The Collection and Exhibit
The Rodgers and Hammerstein Archives of Recorded Sound at the New York Library for the Performing Arts currently houses a collection of more than 3,000 wax and celluloid cylinders. These cylinders range from very early, non-commercial, white and brown wax cylinders, to commercial moulded black wax cylinders, to Indestructible moulded celluloid cylinders and, finally, to the later Edison Blue Amberol celluloid cylinders.
The collection is comprised of cylinders produced by American manufacturers such as Edison National Phonograph Company, Columbia Phonograph Company, Indestructible Phonographic Record Company and the U.S. Phonograph Company, but also includes cylinders produced by French manufacturers, Pathe and Lioret.
Currently an exhibit featuring 11 cylinders from the RHA's collection, along with related print ephemera and catalog supplements, is on display on the third floor of the Library for Performing Arts at Lincoln Center. Audio from each of the featured cylinders has been digitized using NYPL's Archeophone. Digital copies are available for listening by request at the A/V Playback Assistance desk on the third floor.
Acoustic Recording and Early Cylinders
The 11 cylinders selected for the exhibit were likely manufactured between 1890 and 1926 and were recorded acoustically, or without the use of electricity. Encyclopedia of Recorded Sound describes acoustic recording as, "The method of recording in which all energy comes from the sound waves themselves [...] Sounds to be recorded were sung, played, or spoken into a horn, which activated a diaphragm attached to a stylus. This stylus transferred the vibration patterns on the surface of a cylinder or a disc." This recording method was first employed by early disc and cylinder manufacturers, Emile Berliner and Thomas A. Edison. In 1877, Edison invented the Tinfoil Phonograph which could be used to acoustically capture and playback a recording made on, or impressed upon, a piece of tinfoil wrapped around a brass drum; an early incarnation of what would later become the wax cylinder, the first commercially successful audio format.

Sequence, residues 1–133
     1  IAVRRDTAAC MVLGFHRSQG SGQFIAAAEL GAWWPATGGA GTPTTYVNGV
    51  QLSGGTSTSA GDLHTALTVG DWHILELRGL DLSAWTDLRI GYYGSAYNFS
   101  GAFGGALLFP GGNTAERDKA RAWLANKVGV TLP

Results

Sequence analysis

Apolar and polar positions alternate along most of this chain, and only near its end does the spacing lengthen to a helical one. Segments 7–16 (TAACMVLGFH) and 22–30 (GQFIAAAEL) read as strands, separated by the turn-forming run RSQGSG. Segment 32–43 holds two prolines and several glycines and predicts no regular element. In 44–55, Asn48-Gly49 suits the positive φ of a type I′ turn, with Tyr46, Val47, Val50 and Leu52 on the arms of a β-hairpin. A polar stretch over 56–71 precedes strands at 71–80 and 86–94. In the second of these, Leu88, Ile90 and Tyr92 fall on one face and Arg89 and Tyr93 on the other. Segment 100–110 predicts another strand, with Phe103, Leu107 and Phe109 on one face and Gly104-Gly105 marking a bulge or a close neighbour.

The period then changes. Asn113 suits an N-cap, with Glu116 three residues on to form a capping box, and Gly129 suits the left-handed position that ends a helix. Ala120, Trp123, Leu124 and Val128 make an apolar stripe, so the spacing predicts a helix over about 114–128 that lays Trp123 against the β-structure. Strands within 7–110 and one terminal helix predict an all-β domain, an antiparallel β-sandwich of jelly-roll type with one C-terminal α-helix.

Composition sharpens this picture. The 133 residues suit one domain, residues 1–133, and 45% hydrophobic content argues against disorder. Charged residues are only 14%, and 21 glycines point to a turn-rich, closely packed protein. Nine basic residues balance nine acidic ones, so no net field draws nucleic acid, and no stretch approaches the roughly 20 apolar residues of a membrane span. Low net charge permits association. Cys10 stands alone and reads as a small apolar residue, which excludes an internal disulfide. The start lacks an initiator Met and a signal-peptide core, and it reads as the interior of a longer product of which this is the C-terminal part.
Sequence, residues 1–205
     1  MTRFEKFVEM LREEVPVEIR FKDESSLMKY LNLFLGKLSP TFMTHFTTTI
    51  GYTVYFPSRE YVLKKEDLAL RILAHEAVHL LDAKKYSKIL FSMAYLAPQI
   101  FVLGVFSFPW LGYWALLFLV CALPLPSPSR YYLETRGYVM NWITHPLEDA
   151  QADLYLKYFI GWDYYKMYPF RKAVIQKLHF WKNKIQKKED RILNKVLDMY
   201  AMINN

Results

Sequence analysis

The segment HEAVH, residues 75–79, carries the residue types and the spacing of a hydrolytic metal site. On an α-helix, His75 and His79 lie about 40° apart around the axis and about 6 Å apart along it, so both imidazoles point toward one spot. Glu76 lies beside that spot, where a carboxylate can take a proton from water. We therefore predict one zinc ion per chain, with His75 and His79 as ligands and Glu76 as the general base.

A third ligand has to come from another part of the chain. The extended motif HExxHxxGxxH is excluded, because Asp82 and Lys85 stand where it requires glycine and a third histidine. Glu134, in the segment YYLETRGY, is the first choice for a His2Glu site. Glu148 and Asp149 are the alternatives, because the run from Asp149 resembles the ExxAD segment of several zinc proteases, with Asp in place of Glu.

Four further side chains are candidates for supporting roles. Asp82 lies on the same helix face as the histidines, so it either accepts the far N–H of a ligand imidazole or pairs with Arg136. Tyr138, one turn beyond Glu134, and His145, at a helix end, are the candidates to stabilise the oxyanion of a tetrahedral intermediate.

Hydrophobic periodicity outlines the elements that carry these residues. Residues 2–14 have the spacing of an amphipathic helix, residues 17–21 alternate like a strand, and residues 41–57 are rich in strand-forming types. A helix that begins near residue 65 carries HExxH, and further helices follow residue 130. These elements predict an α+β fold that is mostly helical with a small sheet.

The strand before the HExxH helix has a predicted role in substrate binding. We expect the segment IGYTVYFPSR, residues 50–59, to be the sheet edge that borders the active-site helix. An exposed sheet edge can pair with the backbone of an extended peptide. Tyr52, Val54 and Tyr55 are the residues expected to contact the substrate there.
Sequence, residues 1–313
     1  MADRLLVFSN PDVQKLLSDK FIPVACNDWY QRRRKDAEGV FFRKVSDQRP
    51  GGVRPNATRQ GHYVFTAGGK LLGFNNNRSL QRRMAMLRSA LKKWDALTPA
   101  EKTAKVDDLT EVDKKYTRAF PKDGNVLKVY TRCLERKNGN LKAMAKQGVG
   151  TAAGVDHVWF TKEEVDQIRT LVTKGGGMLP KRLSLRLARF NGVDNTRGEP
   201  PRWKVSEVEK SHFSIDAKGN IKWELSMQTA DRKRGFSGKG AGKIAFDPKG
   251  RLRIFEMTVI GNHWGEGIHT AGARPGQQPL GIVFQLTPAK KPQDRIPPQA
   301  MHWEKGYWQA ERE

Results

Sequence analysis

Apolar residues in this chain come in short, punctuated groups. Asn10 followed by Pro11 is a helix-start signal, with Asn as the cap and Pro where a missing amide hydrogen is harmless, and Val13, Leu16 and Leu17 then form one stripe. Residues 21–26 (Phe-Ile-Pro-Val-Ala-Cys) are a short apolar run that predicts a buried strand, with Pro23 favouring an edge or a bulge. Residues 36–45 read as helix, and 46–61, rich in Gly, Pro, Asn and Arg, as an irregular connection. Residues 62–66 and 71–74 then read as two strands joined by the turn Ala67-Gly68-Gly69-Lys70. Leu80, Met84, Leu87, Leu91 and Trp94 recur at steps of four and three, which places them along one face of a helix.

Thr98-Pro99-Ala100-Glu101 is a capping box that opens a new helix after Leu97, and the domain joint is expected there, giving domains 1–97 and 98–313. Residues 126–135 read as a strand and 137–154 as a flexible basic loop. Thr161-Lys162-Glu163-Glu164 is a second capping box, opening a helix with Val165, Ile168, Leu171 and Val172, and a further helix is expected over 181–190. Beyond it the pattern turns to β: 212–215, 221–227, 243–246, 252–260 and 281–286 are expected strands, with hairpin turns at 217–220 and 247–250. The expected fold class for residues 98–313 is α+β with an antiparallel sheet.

Featured Cylinders from the Collection:
Brown Wax Cylinder: "Village Orchestra" Issler's Orchestra (ca 1890-1900); 2-minute brown wax cylinder; Consolidated Record #5452; Consolidated Phonograph Co., Ltd.; Newark, N.J.
Edison's earliest wax cylinders, or "white wax cylinders," were manufactured around 1887 and made from a blend of plant and animal waxes. The Edison Company later switched to a standardized metallic soap composite for their two-minute brown wax cylinders, which were produced until 1902.
Lioret Cylinder: "Il Pluet Bergire" unknown (ca 1895); 30-second celluloid cylinder; Phonographe Systèm Lioret; France
By 1893, Henri Jules Lioret of Paris had already pioneered the celluloid-based cylinder, the most durable of all cylinder mediums. Following Lioret, The Lambert Company of Chicago introduced celluloid-based cylinders to the American market as early as 1900. Edison, however, did not release his celluloid-based cylinders, known as Blue Amberol Cylinders, until 1912.
Edison Gold-Moulded Cylinder: "The Philippines" Non-musical sound recording William H. Taft (1908); 2-minute wax cylinder; Edison Gold-Moulded Cylinder #10003; National Phonograph Co., Orange, N.J.
After 1902, Edison developed the Gold Moulded process, which greatly improved the efficiency of wax cylinder duplication and further contributed to the cylinder's commercial success.
Columbia "Twentieth Century" 6-inch Cylinder: "I Pagliacci, Prologo" Italian - Baritone Solo (ca 1905-1908); 3.5-minute wax cylinder; Columbia #85007; Columbia Phonograph Co., Gen'l